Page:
I was intrigued by the recent announcement of a Galaxy Appliance (also written about at rnaseq-blog), because it sounds like an easy way to give a good tool for genomic analysis to the average biologist (and because it's a step up in abstraction). With 16 Intel cores, 100 GB SS drive, 384 GB of memory, 16 TB of storage, and priced just under $20k, I could see many departments reaching for it as an "out of the box" solution to a general problem. Whether or not it's a good idea to get such a box, if a box appeared down the hall, I would hate for such a box to sit idle.
I have limited experience with Galaxy, but so far my experience is that it is used solely through a web interface. This, despite the fact that one can create workflows and custom routines. So here's my question: since Galaxy can be used via web-interface to complete a workflow, isn't there any way for more advanced analysts to set up/run the same workflows without using the web front end? Perhaps some kind of Galaxy API? I can imagine a frame work that would allow things to be accomplished under the hood, and then still be accessible via web front end, allowing advanced users (err, people who prefer command lines) to share the same resource with more general users.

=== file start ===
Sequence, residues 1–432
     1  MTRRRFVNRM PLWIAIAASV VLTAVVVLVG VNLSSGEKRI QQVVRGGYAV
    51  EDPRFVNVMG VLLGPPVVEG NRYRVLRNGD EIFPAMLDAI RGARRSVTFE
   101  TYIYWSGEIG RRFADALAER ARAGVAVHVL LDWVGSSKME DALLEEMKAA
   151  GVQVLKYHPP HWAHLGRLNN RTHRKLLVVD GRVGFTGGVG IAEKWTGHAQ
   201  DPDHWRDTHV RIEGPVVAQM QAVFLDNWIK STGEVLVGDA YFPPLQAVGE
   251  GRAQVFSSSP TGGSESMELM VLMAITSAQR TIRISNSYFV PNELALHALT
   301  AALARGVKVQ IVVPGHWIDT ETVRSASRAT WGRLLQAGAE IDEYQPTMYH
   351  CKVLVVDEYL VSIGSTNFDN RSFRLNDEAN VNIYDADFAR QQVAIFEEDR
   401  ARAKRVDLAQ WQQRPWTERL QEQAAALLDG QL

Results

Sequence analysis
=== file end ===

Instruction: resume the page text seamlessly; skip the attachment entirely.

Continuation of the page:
If there's no way to do the above, a related question would be, is there any method for using idle resources on a computational appliance like that describe above? I can see departments buying the Galaxy appliance, and then having it sit idle while it gains users (or simply goes unused much of the time). But most of all I'm intrigued by the idea that an "appliance" meant to make things easy (and run pipelines) for general users, should also have a hood latch for those who want to rev the engine by pulling on the accelerator cable with their fingers (i.e. and run the same pipelines) - I just don't know if it's possible.